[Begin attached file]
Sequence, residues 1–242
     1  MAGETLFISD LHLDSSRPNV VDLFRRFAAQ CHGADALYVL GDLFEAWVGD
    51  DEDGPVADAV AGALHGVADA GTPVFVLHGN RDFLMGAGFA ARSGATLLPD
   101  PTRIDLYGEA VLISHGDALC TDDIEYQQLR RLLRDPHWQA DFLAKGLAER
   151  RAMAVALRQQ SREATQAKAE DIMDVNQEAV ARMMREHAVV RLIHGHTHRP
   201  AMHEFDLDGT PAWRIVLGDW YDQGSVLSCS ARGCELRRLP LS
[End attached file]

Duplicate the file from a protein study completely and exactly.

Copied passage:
Sequence, residues 1–242
     1  MAGETLFISD LHLDSSRPNV VDLFRRFAAQ CHGADALYVL GDLFEAWVGD
    51  DEDGPVADAV AGALHGVADA GTPVFVLHGN RDFLMGAGFA ARSGATLLPD
   101  PTRIDLYGEA VLISHGDALC TDDIEYQQLR RLLRDPHWQA DFLAKGLAER
   151  RAMAVALRQQ SREATQAKAE DIMDVNQEAV ARMMREHAVV RLIHGHTHRP
   201  AMHEFDLDGT PAWRIVLGDW YDQGSVLSCS ARGCELRRLP LS